: Well Metaparticle
is really a way to re-think how we design and build our systems. Right now we write code for each machine, and then we use these YAML files to describe how all those individual programs fit together. Along the way we have to learn and use multiple different applications, file formats and languages to describe our application. It’s too complicated and it’s too hard for new developers to pick up and use. Metaparticle is an attempt to say: “Can we do this all in a single programming language?” It’s really an experiment to allow more inexeprienced developers to translate their skills into cloud-native patterns. I think Istio is different, Istio is really about making existing systems more observable and dynamic. It’s really a tool for people who already know how to build cloud-native systems, but want it to be easier to monitor and adapt them.

InfoQ: As suggested in your talk, if languages has to provide cloud native bindings to make development easier, they’re probably years away to do it in a standardized form. Are you suggesting that it’s just a matter of time before this happens? In the meantime, will the ecosystem provide tools and platforms for solving some of the challenges associated with distributed systems development?

: Yeah, I think there are really two different classes of solutions. There are things that smooth existing experiences and take away pain. Tools like Helm
and Draft
as well as all of the VS Code integration
we are doing are great for that. I think we’ll see a steady evolution of those tools to make Kubernetes easier and easier for people who are already cloud native developers.

I think there’s a whole separate class of things that are transformational and empower a whole new class of developers to become cloud native. Think of it like a really great IDE for C++. It can’t make you a good C++ programmer, but it can make a good C++ programmer really happy. Then there are languages like Java or C# that just empower a whole new group of developers. I think both things are needed in this space.

InfoQ: Most everyone who has programmed distributed systems has been bitten by making an incorrect assumption as postulated in the eight fallacies of distributed computin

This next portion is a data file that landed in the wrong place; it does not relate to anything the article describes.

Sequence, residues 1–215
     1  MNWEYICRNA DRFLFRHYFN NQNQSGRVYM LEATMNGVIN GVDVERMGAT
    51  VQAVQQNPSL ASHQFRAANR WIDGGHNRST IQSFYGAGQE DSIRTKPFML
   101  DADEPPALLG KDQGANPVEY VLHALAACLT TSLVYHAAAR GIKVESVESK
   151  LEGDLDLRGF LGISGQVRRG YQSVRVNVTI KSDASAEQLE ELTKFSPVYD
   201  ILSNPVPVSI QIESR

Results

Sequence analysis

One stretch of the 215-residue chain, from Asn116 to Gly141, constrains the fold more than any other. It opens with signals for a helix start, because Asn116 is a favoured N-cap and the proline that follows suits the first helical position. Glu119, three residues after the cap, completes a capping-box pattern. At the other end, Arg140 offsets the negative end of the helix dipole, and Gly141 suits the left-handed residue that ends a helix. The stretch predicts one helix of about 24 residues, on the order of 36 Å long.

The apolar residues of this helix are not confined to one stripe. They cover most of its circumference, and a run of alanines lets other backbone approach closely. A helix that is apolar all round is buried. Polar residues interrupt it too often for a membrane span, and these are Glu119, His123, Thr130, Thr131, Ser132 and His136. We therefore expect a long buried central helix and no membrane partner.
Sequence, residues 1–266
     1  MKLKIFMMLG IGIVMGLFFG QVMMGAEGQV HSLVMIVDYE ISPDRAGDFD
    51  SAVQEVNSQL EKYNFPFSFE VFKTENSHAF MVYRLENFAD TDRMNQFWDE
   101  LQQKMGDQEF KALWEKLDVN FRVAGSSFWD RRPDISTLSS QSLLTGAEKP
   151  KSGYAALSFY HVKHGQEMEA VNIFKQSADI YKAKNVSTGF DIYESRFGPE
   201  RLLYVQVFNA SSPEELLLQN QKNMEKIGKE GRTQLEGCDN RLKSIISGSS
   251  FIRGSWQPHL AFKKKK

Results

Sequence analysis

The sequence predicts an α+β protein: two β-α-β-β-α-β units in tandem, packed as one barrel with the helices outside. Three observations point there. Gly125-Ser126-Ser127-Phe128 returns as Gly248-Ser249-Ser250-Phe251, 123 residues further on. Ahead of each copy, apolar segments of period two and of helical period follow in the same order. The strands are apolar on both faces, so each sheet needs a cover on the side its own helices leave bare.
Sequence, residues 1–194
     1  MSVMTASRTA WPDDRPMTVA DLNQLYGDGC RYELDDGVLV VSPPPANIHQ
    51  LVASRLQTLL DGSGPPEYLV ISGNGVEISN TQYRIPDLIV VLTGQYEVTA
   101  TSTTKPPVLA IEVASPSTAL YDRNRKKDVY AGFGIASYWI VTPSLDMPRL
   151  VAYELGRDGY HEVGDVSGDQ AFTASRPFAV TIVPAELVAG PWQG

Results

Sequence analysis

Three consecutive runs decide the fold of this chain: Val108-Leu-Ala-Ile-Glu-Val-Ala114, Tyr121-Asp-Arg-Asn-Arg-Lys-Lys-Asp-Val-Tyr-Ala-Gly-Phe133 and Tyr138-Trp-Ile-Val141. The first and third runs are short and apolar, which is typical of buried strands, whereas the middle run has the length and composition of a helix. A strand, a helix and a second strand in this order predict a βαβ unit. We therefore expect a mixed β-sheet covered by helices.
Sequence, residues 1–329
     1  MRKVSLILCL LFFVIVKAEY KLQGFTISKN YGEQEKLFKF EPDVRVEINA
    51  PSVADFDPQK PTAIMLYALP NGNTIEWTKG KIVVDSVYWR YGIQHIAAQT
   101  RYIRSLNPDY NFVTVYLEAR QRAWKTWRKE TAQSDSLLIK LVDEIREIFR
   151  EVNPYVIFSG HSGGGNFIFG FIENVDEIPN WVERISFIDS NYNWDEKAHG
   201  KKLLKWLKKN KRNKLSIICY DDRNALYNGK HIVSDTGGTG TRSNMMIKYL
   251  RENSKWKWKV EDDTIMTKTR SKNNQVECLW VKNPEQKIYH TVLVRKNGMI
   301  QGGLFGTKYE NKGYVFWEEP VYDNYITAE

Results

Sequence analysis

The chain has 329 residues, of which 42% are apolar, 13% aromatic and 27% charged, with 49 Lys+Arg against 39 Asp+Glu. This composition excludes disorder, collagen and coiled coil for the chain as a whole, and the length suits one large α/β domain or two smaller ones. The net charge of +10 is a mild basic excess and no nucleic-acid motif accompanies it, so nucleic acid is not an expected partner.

g. Do the distributed design patterns explained in your book help alleviate some of these issues and how?

: I think that it helps you apply patterns that build more robust systems, and they definitely talk about the design considerations you should think about when building your system. I think the other thing, hopefully, is that it gives people a common language to discuss their systems, so everyone isn’t learning the same lessons over and over again, but instead we’re all learning and teaching each other about the same patterns. It’s not magic though, people do still need to learn a lot through hands-on experience.

InfoQ: A lot of talks at Kubecon was aimed at making development boring (it should just work). Where are we as a community today? If you can let your fantasy run a little bit wild, how will this look about 5 years from now compared to where we are today?

: Well, I really hope that talking about Kubernetes is like talking about Posix, or the x86 instruction set. It’s something that’s worth doing, and it’s something everyone kind of has to learn to help get their jobs done, but it’s not really a source of excitement. I hope it’s kind of like talking about garbage collection, or object-oriented programming. It’s an important tool to help get your job done, but it’s not a novelty, not something where there are fans.

And I also hope we look back and we say “wow, look how much more we got done because we had this great abstraction layer to build on top of” because Kubernetes isn’t the end, it’s a great foundation, but we have so much more to build on top.

Code samples discussed in the book are available for download from the github repository